Not quite, usually real life battles will tend to see sort of a snowballing effect: one side starts off with a minor advantage and as the enemy loses men the battle becomes more and more lopsided.

        The real issue with the casualties would be how many there are in the first place. Losing 20% of your army as the victor tends to mean it was a pretty hard fight.

        • krellen says:

          20% for the victor isn’t that far off – the Thirty Years war saw an overall attrition rate for the victor at around 15%.

          The real issue is how many casualties the losers have – historically, those 15% for winners were matched by 30% for losers, while here we have a 20% for 80% situation.

          Of course, that could just be Josh playing a bloody-minded barbarian who hunts down and slays fleeing troops.

          • acronix says:

            Bloody minded barbarian who hunts down fleeing troops? I thought that was what every single Total War player did!

          • rrgg says:

            20% dead for the victors tends to be really high in real life, but is really low for a TW battle. Especially unheard of in real life is suffering that many casualties that quickly (I don’t know how long the battle lasted exactly, 10-30 minutes?), it’s like both sides are completely suicidal.

            Casualty rate amongst the losers tends to vary considerably depending on the decisiveness of the defeat. Battles between Greek hoplites that didn’t involve much in the way of cavalry or light infantry tended to consistently result in about 7% lost for the winner and 15% for the loser. But that said the chasing down mechanic tends to mean that casualties for the loser in Total War games is almost always way too high.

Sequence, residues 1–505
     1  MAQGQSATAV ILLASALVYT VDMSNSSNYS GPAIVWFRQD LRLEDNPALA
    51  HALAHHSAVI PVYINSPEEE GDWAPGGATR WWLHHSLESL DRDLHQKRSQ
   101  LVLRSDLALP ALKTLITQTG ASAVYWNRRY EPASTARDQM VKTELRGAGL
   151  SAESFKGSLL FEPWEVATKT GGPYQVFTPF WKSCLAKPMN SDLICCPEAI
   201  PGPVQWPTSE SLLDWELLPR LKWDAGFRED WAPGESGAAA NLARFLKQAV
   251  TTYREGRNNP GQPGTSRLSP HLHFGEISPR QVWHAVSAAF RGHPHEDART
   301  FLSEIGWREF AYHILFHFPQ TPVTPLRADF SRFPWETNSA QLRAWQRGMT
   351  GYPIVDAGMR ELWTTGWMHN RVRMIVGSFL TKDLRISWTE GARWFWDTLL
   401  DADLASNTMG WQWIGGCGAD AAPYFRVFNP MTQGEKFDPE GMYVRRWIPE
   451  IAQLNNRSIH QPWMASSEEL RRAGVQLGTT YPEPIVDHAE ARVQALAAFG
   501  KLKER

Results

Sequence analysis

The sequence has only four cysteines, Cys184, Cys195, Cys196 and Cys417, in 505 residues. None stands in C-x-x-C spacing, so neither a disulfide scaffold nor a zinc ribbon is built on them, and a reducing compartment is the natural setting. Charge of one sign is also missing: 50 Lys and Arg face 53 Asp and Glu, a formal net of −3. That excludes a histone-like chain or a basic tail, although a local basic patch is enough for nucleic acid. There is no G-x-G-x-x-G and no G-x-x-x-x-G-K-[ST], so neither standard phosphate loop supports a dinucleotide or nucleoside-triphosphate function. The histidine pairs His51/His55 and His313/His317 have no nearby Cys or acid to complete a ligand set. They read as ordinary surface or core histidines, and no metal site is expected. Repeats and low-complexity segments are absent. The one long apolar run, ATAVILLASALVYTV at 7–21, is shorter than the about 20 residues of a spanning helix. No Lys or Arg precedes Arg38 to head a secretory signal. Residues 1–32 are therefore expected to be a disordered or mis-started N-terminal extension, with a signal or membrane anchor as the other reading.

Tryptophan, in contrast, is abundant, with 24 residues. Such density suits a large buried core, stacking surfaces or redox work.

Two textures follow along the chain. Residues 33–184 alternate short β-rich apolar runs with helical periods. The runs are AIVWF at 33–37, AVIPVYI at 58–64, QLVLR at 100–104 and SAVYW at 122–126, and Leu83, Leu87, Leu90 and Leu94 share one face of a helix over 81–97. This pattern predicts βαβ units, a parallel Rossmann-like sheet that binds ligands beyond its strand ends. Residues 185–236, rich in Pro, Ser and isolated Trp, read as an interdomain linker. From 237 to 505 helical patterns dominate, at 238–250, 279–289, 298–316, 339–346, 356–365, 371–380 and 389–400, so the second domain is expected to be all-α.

For all the complexity they put into their moral system I feel TW sort of really drops the ball when it comes to routing units. So the entire army suddenly decides turn and run, completely oblivious to the fact that one guy on a horse was then able to kill 300 of them and they were only saved by crossing the arbitrary “edge of battle line.”

            Come on, frightened men need to still be a little bit dangerous. Maybe if “fighting to the death” could be triggered and untriggered way more often if light infantry or cavalry got too close to the routing troops.

        • Squash says:

          Yes. I was surprised that Josh thought about auto-resolving this battle. In my experience, this is the sort of battle where you pay heavily for auto-resolving, with smaller numbers of high stat enemies taking a disproportionate toll on my forces. I tend to only auto-resolve when I have such superior numbers that losing more than I kill doesn’t matter.

          • Josh says:

            Shogun 2 is incredibly generous when it comes to replenishing units – as long as they’re in your territory and under the command of a general character they’ll replenish using the nearest castle’s replenishment rate, and if they’re on a castle they’ll replenish even without a general present. On larger castles, you can fully replenish a near-dead unit of samurai in a handful of turns. And the AI can do it even faster, which is why I always make it a point to try to outright destroy units rather than rout them.

            • Squash says:

              Thanks for that, Josh. I am going by older Total War games, not having played Shogun 2. Having to move units back to the nearest fully upgraded town to replenish troops was really annoying in Rome. I tended to just merge frontline units together and use my towns to create new ones to bring up to the front lines. I know that is not the optimum use of resources, but after a certain point in the game, it starts to get a bit tedious to micromanage everything.

  5. krellen says:

    I’m glad to see level really sort of means something. Sure, Hojo had a bunch of level 2 katana samurai, but you had a whole slew of level 5 ashigaru. Your peasants have seen more war than most samurais do in their lifetime; there’s no amount of training that can make up for that.

    • X2Eliah says:

      In the real world that should only amount to the number of broken bones, limbs and received crippling injuries.

      • krellen says:

        They’re largely spear-wielders and bowmen. They probably never got close enough to another combatant to get injured. The ones that survived, that is. All that experience probably breaks down to learning not to break ranks and to attack in unison.

      • Dasick says: